Aug. 24, 1997 St. Louis, Aug. 22, 1997 -- The bacterium that causes tuberculosis uses a surprisingly underhanded trick to invade cells, researchers at Washington University School of Medicine in St. Louis announced today. The strategy is clever and effective -- and it may one day prove to be the disease's downfall.
Understanding how the bacterium invades cells may be an important first step toward developing a vaccine to prevent tuberculosis, says Jeffrey S. Schorey, Ph.D., an instructor of medicine and lead author of a paper in the August 22, 1997, issue of Science. Although such a vaccine could be developed only after many more years of study, researchers are excited about the new insight into the common and deadly microbe.
"This study helps us understand what's special about this bacterium and what makes it such an effective pathogen," says Eric J. Brown, M.D., co-author of the paper. Brown is a professor of medicine and of cell biology and physiology at the School of Medicine.
Tuberculosis is a growing global menace that kills more people than any other infectious disease. Three million people die from it each year, and as many as one-third of the world's population is infected with Mycobacterium tuberculosis, the bacterium that causes the disease.
Researchers have long known that M. tuberculosis makes its living by preying on macrophages, the immune system warriors that usually consume bacteria. The bacterium enters a macrophage and apparently multiplies until the cell ruptures, releasing more bacteria to attack other macrophages.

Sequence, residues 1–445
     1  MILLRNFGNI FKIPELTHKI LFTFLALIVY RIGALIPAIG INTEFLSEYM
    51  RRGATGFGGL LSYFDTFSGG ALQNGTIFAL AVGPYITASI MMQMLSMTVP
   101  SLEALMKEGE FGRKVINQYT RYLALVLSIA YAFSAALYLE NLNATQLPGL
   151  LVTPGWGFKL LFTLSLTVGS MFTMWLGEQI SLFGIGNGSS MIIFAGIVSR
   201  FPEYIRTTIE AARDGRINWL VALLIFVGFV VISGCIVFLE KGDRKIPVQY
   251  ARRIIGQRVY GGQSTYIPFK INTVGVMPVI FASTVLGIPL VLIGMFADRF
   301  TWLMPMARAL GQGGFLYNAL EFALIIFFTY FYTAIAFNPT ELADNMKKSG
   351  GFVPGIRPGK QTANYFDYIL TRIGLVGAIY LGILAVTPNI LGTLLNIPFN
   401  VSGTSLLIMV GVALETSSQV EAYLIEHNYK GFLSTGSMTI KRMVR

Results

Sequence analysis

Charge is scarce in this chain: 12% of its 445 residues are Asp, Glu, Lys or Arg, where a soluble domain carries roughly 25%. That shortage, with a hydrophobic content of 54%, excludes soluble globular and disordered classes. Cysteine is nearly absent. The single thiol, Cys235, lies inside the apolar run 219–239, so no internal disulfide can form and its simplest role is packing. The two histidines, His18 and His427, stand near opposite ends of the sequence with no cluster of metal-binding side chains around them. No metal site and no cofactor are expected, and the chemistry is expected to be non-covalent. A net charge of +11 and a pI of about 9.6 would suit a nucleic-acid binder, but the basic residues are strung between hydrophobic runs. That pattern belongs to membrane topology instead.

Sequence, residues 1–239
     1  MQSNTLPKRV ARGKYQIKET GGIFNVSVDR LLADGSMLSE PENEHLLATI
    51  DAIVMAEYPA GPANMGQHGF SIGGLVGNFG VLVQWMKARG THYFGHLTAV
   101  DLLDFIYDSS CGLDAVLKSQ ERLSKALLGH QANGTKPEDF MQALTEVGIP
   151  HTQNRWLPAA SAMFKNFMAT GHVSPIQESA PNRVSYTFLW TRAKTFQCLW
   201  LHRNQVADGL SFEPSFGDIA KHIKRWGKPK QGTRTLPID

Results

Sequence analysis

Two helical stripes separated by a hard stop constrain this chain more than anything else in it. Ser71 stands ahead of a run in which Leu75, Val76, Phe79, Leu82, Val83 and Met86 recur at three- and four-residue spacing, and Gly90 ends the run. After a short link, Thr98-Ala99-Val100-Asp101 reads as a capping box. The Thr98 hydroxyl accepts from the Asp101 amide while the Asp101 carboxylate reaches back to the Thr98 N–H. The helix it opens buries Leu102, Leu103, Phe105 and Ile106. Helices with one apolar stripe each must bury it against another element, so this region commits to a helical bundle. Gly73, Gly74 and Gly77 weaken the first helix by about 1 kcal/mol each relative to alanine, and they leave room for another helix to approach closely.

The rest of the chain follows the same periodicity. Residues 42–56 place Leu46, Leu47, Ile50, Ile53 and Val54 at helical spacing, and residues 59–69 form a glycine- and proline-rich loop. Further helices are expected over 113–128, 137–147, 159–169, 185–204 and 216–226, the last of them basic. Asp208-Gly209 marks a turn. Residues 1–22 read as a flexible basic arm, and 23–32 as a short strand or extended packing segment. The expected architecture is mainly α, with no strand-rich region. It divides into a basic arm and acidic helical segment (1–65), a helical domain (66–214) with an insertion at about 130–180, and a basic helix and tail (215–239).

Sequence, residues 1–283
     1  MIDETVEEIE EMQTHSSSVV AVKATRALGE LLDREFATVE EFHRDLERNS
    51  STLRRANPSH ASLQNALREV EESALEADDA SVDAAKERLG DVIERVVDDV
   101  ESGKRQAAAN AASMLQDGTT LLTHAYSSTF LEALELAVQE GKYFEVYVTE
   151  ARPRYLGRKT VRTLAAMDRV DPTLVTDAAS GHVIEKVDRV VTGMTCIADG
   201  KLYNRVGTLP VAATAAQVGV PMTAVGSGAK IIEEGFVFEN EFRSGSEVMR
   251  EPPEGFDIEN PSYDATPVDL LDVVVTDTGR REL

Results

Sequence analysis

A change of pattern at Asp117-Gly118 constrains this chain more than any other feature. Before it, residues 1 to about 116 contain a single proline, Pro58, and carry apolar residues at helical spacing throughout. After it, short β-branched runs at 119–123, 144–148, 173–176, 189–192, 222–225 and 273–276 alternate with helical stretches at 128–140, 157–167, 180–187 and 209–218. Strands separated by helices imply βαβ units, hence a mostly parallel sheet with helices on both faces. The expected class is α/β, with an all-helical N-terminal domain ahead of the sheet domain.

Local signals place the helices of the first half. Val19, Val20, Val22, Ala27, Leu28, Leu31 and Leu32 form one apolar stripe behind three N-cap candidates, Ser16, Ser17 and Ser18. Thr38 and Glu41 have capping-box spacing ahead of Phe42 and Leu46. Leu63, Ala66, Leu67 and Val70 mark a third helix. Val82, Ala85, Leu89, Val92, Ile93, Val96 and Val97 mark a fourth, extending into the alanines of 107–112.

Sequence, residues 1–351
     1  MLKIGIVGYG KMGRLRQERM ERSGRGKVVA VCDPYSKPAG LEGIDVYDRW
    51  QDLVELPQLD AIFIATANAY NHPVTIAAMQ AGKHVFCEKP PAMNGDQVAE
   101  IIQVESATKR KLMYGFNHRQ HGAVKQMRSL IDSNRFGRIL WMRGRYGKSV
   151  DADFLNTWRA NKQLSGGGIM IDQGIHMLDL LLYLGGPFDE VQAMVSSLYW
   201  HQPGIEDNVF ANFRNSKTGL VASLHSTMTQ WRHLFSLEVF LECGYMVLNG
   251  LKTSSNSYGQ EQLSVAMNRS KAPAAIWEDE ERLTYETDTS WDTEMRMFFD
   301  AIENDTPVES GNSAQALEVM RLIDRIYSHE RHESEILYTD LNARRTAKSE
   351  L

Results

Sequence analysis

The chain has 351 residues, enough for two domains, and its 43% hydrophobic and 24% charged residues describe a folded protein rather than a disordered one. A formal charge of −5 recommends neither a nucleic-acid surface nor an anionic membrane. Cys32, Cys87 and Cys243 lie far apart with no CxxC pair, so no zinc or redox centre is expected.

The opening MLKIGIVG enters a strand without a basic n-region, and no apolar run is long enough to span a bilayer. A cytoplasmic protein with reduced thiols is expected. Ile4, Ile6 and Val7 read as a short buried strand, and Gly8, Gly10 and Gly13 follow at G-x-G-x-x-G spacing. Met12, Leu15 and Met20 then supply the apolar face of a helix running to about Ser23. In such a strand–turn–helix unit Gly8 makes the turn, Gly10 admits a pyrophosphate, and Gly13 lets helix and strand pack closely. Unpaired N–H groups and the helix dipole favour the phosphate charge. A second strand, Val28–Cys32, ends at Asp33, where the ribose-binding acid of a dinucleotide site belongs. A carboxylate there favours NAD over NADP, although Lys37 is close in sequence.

Schorey, Brown and colleagues conducted test-tube studies with M. tuberculosis and a few of its close relatives including M. leprae, which causes leprosy, and M. avium, which frequently infects AIDS patients. The researchers found that all three bacteria share a special trick for finding and invading cells. They grab a protein discarded by the immune system and use it to lure the macrophages to their death.
Normally, when a bacterium enters the body, the immune system responds by tagging the bug with certain proteins that alert the macrophages. Any macrophage (literally "big eater") that detects the proteins will attach itself to the intruder and try to consume it.
Tagging a bug requires a highly choreographed interaction of many proteins, including one called C2a. When combined with another protein, C2a forms a potent enzyme that plays a major role in labeling intruders. After the job is done, C2a breaks off from its partner and floats in the blood with no known function.
Humans may have no use for discarded C2a, but it's apparently invaluable for the disease-causing mycobacteria. Schorey's experiments demonstrated that the bacteria grab onto the protein and use it to create a new label that helps bacteria adhere to the macrophage. The protein also seems to work like a pass key that gives the bacteria easy entrance to the cells. The researchers found that adding infinitesimal amounts of the protein to test tubes containing bacteria and macrophages greatly increased the number of infected cells.
Previous studies have described other invasion techniques used by mycobacteria, but the C2a strategy stands out for one major reason: It's used only by the types of mycobacteria that cause disease. "This is why we think C2a is important for the virulence of these bacteria," Schorey says.
The next important step is to find the bacterial molecule that interacts with C2a, Schorey says. He and his colleagues also plan to move beyond test-tube studies to observe mycobacteria in immune-compromised mice.
If researchers can find the molecule that binds to C2a, and if the results of animal studies echo the findings from the test-tube studies, this new invasion mechanism could form the basis for developing a novel vaccine, Schorey says.
This research was supported by the National Institutes of Health.
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